Sugar coated propagandistic drivel from Polly the champagne socialist.Do we expect a fair assessment from a woman who said the New Labour was the best government of her life time? No of course not. New Labour was a terrible tide of destruction which accelerated the decline and decay of this country.

The destruction of civil liberties, revolutionary changes to the constitution, the end of the neutrality of the civil service, government based on spin, 90 percent increase on spending on the welfare state (the road to serfdom), "education, education, education" said Mr. Blair only to further erode the quality of our education system, the consummation of the conversion of our police force from public servants there to prevent crime to massive bureaucracy there to protect the state and solve crime statistically after the fact, two absolutely disastrous wars which have failed miserably to achieve anything of worth, CCTV spread onto every street and avenue, attempt at introducing ID cards to make us serfs,the hugely irresponsible fake credit boom and subsequent economic collapse, the bloated state slithering its tentacles into every area of our lives....

I can't go on, it makes me too angry. This book is a disgraceful attempt to sugar coat just how bad the 13 year New Labour reign was by a ideologue extremist left wing journalist who is unscrupulousness and utterly dishonest and hypocritical, she hones her dogmatic socialist ideals from her holiday home in Tuscany and cares not a jot about that great unthinking mass 'the working class' that she constantly patronises and who she knows nothing of.
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1 of 4 people found the following review helpful
5.0 out of 5 stars Brilliant analysis, 17 May 2013
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This is an excellent, balanced and honest account of events. Should be required reading for everyone, particularly when you see what the present Tory-led government are doing to our country.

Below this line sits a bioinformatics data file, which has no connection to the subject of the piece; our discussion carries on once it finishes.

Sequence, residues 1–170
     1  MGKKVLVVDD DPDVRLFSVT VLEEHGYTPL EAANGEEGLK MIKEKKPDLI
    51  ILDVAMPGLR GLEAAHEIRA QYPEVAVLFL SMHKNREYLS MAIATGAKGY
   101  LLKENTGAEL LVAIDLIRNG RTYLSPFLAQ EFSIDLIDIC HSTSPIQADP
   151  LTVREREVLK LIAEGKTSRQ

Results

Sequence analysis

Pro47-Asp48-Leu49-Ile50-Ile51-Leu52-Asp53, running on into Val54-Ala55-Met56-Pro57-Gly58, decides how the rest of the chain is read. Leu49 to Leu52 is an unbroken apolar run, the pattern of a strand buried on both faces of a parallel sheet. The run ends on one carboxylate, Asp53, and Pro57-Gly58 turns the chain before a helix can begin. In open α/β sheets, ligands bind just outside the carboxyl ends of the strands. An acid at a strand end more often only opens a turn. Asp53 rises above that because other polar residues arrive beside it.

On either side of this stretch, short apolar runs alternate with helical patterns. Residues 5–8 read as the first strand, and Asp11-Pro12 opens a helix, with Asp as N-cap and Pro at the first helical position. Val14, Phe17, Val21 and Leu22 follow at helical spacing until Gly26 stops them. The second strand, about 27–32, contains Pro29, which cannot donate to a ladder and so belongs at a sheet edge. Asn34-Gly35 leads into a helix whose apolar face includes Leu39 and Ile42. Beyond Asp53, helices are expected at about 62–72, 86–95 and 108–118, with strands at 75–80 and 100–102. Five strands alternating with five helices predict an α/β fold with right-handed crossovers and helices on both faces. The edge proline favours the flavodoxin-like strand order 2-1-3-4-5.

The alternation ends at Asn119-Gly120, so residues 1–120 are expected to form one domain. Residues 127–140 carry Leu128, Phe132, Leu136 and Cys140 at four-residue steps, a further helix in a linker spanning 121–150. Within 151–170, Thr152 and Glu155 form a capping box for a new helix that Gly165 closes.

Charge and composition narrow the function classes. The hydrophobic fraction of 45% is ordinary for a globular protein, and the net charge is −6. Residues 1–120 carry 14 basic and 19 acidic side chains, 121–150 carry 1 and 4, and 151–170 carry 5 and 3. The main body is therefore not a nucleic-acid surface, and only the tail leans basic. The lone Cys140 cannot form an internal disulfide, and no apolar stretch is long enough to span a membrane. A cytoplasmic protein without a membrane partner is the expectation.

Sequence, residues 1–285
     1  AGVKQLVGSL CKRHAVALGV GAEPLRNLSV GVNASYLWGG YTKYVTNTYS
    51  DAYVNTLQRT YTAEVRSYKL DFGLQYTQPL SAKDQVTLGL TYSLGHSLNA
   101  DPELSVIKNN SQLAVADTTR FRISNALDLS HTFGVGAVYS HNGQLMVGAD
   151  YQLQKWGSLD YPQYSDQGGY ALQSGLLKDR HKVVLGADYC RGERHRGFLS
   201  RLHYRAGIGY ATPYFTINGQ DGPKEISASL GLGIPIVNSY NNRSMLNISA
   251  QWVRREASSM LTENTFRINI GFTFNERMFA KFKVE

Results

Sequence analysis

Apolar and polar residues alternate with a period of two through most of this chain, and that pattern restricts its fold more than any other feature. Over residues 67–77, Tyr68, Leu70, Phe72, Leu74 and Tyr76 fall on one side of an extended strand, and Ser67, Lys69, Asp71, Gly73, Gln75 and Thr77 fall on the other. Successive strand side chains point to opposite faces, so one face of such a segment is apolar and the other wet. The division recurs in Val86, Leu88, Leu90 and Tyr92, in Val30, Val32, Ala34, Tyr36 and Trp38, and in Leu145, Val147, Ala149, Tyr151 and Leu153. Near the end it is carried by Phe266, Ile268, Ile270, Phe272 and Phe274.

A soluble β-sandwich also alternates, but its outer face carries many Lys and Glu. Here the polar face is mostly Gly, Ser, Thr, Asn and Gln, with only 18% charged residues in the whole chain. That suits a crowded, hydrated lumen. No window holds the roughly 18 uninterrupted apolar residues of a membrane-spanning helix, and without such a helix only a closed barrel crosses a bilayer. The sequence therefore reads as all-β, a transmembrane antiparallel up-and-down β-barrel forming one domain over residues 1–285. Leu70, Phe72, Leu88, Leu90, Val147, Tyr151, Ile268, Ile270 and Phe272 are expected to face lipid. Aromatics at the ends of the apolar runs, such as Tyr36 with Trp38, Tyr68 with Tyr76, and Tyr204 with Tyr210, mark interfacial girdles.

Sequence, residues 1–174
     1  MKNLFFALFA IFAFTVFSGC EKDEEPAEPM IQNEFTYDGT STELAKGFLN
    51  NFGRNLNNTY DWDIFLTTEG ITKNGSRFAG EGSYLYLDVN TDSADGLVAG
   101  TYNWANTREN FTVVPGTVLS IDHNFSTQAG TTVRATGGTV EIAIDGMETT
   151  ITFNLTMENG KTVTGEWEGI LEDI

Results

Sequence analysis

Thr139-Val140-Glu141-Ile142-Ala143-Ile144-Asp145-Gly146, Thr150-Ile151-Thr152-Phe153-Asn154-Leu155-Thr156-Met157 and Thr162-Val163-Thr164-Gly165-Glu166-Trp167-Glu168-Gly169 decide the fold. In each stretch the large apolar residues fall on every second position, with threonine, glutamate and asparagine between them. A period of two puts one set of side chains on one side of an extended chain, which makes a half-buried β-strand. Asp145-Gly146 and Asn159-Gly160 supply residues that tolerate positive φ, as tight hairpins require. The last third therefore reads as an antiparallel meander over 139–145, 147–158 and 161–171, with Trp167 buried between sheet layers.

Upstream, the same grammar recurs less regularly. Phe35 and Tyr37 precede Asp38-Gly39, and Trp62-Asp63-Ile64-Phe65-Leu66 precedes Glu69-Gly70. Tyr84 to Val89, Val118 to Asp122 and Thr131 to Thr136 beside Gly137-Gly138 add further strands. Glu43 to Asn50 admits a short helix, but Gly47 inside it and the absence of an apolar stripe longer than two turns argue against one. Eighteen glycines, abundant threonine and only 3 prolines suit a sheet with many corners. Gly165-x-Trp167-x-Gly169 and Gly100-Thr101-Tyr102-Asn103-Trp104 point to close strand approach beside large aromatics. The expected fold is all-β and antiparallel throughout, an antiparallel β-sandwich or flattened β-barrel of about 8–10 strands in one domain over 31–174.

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10 of 31 people found the following review helpful
1.0 out of 5 stars They most certainly did!, 1 Dec 2012
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This review is from: The Verdict: Did Labour Change Britain? (Paperback)
Labour really did change the face of the UK during their time in power. They deliberately allowed millions of poor people to come and settle in Britain, live off benefits, all in exchange for their votes. That is why the country is in the mess it finds itself in today, millions more mouths to feed and people to house, educate etc etc. The last Labour administration, Blair, Brown etc will go do in history as the men that destroyed Great Britain!
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2 of 10 people found the following review helpful
4.0 out of 5 stars GOOD SERVICE, 4 Sep 2011
Bought this as a Christmas present, but think I might have to buy it again! A great read for anyone involved in regeneration throughout the labour period.
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The Verdict: Did Labour Change Britain?
The Verdict: Did Labour Change Britain? by David Walker (Paperback - 6 Oct 2011)